4. According to the index, Charles Spurgeon;s New Park Street and Metropolitan Tabernacle Pulpit compilations of his sermons contain 74 sermons from texts in the book of Revelation. I believe that Spurgeon treasured the book of Revelation as a source for teaching and preaching the Gospel of Jesus Christ that could be used of God to save souls and to exhort, edify, and comfort the saved; I believe he wished to others the teaching of symbols beyond what he used in his preaching for evangelizing the lost and building up the Body of Christ in the faith.
    I understand your concerns and appreciate your passionate arguments! At the same time, 74 sermons from Revelation are indicative of the value he placed in the book more than the quotes in the blog–quotes that rightly show Spurgeon’s passion for souls, but should not be taken as a rejection of the book.

  5. After looking through the lovely comments. I don’t know if everyone understood my point. As I stated in the original post, my problem is with those who study prophecy, almost to the exclusion of all other scriptural study. I think there is value (obviously) in the eschatological passages, but I think the value lies more prominently in the encouragement to endurance than it does in the interpretation of finite details. My point, and one which I continue to hold, is that Spurgeon was right in his estimation of too many within the realm of Christendom who seem to get so bogged down in prophetic minutia that they lose their Gospel effectiveness.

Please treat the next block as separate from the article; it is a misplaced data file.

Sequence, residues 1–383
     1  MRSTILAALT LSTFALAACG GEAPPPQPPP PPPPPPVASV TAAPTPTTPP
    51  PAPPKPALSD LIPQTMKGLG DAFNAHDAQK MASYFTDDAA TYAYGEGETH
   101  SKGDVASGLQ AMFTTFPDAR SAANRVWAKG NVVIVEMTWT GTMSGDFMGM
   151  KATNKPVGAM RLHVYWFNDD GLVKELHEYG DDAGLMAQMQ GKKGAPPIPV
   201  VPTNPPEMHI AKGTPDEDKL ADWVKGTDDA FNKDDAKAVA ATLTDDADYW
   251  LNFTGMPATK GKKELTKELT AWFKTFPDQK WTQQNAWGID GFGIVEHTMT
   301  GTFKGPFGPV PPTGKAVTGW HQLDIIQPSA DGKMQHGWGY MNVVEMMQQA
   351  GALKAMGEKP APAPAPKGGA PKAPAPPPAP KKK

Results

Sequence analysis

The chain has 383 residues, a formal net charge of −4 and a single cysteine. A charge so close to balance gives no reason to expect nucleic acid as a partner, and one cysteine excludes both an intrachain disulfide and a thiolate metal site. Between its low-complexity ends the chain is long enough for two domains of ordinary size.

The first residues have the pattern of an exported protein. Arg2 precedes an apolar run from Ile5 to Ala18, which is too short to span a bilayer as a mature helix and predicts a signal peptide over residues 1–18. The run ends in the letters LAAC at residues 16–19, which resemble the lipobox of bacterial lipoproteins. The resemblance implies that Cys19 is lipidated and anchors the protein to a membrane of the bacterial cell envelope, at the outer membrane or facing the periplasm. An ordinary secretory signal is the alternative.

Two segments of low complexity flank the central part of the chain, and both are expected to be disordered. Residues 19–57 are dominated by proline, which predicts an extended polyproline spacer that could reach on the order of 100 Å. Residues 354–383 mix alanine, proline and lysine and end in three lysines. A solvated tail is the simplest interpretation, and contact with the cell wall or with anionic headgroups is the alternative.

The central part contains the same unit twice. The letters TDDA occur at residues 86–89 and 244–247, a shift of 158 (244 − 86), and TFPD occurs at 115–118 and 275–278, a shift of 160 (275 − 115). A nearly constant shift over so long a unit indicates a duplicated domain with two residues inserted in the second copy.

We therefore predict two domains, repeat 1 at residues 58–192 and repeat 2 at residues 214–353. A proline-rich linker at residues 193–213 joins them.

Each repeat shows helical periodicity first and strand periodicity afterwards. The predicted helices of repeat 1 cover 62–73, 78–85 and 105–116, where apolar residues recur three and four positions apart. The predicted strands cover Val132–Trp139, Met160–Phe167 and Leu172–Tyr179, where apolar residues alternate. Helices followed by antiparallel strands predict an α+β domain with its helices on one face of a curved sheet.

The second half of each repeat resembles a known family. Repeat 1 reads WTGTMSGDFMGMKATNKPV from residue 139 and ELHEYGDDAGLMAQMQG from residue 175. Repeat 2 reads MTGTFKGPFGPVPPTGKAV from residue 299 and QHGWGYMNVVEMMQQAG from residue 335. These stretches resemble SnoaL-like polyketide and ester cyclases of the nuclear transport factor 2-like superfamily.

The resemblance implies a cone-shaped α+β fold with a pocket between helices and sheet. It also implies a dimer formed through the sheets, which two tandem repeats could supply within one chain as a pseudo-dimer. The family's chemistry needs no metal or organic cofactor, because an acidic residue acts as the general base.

6. Ah yes, that’s a good, balanced statement, Micah. The apocalyptic prophecies are of great value if they: 1) Steel us to endure, just as you said, and 2) Stir up a sense of urgency to get the Gospel to every nook and cranny of the planet as quick as God enables. These prophecies say, “The time is short! Get moving, Church!” The problem comes when people use these prophecies as a means of escape: “Jesus is coming soon! Maybe we don’t have to preach, witness and suffer after all! We can’t possibly take our eyes off the skies long enough to take up our crosses!”
    …Of course there IS the quote from Acts 1:9-11 to deal with–”After He had said this, He was taken up as they were watching, and a cloud received Him out of their sight. While He was going, they were gazing into heaven, and suddenly two men in white clothes stood by them. They said, ‘Men of Galilee, why do you stand looking up into heaven? This Jesus, who has been taken from you into heaven, will come in the same way that you have seen Him going into heaven.’”

    Oops…so much for cloud watching instead of doing the Great Commission! Note to self: don’t be so heavenly-minded that you’re of no earthly good

  7. Steve,
    (Sorry I do not know what your last name is.) Thanks for the helpful research. I would agree that 74 sermons from John’s Revelation speaks louder about Spurgeon’s view on Revelation than his singular quote that: “You will hear me expounding Revelation one day, that is, when there is not another of the elect to save.”